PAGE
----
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The Biggest Problem the EU Isn't Talking About


The euro crisis is so large, and its real world effects so tragic, that people often forget that the monetary mess is only one of many areas in which the EU isn’t working. Here’s a big one: Europe doesn’t have a security strategy and doesn’t want to talk about it. Judy Dempsey, editor-in-chief of Strategic Europe at Carnegie Europe, writes in a letter to the New York Times:

“Apart from a very few countries, such as France and Britain, the Europeans have been very complacent about strategic affairs,” said Rem Korteweg, defense expert at the Center for European Reform, a research organization in London. “It’s as if the world outside does not affect them.”

This is confirmed by a new study from the European Council on Foreign Relations that analyzed the national security strategies of the 27 member states. Olivier de France, one of the authors, said the strategies showed that there was no common purpose or common strategic culture that could give Europe’s foreign, security and defense policy substance. “There is no shared ambition about Europe as a global player or about the allocation of defense resources,” Mr. de France said.

The European project, one of the grandest and most ambitious political projects ever devised, is in serious trouble. The US needs and wants a dynamic, successful, and outward-looking Europe.

For a long time, Americans have stayed out of the discussion over Europe’s future. But it may be time for those who care about the Transatlantic alliance to speak up. Europe is in trouble, and smart Europeans are increasingly concerned about the worsening outlook.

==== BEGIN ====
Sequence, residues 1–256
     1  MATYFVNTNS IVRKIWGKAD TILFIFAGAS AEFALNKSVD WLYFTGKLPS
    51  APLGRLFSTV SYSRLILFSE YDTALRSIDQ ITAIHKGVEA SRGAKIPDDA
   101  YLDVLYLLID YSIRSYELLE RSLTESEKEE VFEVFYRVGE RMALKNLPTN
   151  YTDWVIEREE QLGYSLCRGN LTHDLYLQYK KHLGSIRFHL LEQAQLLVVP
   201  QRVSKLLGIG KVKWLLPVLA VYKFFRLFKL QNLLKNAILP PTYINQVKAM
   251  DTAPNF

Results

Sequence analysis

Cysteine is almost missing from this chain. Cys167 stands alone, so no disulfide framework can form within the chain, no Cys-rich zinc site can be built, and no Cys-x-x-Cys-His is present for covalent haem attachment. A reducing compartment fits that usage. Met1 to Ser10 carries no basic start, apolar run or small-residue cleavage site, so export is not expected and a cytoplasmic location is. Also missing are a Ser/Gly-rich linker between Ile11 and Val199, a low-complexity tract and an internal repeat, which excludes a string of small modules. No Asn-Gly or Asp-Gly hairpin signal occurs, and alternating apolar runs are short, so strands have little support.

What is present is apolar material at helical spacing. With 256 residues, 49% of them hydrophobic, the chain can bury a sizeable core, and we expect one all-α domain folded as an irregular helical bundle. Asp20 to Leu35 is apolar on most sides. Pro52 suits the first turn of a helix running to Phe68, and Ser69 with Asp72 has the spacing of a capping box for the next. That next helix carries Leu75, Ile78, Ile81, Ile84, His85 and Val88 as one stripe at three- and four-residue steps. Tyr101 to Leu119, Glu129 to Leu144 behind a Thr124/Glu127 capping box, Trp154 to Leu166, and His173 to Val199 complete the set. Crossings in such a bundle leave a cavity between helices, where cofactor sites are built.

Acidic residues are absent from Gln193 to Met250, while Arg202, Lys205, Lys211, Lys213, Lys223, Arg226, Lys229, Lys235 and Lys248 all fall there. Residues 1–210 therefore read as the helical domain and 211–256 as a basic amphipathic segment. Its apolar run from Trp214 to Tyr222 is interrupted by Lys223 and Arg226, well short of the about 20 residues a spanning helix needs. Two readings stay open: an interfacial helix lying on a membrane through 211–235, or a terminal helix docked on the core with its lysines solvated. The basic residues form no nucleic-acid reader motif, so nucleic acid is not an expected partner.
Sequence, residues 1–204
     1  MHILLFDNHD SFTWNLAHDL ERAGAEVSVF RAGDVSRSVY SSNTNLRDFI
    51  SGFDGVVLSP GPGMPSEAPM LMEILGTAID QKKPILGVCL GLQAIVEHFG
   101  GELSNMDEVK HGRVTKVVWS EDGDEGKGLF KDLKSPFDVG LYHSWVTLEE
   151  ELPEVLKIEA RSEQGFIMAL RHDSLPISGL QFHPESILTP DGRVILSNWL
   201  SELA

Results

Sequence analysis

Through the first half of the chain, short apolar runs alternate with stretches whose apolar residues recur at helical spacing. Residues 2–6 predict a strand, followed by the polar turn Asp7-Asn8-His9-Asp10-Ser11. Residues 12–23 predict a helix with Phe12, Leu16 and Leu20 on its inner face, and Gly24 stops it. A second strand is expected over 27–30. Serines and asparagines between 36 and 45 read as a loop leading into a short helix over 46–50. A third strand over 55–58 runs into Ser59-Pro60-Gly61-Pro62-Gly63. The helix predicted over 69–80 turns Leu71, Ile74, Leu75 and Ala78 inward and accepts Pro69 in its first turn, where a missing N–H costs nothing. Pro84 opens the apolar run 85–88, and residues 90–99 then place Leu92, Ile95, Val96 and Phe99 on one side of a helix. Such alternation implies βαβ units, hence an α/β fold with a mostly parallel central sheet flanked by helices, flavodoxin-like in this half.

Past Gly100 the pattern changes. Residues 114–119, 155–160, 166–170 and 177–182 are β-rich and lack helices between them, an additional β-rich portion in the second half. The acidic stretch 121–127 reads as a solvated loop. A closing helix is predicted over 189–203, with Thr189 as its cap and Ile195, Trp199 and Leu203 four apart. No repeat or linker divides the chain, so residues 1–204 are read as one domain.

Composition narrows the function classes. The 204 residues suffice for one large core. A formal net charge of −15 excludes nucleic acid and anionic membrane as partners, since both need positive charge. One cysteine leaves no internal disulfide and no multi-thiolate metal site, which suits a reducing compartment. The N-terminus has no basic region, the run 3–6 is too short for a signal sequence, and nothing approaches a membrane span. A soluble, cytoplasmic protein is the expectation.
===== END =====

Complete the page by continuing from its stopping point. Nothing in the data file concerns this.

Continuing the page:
The decisions about Europe’s future are not for Americans to make, but the time has come when a few friendly suggestions wouldn’t hurt.

[Broken euro image courtesy of Shutterstock]

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  • lukelea

    The Americans in their quest for empire have pretty much shut Europe out of the security equation. After all Europe faces no military threats on its borders unless you want to count Russia, while the US Navy controls the seas. There’s not much left to do except provide auxiliary troops for US efforts in Iraq and Afghanistan and cooperate in the embargo imposed upon Iran.

    This last is the thing I find most interesting. The EU does command vast economic resources. Its combined economy is bigger than ours. The cheapest and most effective way for it to contribute to world peace and the promotion of human rights and democratic values would be to work with the US, Japan, and our other major allies and trading partners to enforce civilized norms as a condition of doing business with countries like China, Russia, Venezuela, etc. In other words expand what we are now doing to Cuba and Iran.

    Sure, China would be outraged in the beginning. And no doubt Western corporations who have become addicted to low-wage labor in China and the profits they bring, would not be too happy about it. There would be economic dislocations in this country on a scale of those we saw, and are seeing still, when we entered into our no-strings-attached China trade twenty years ago.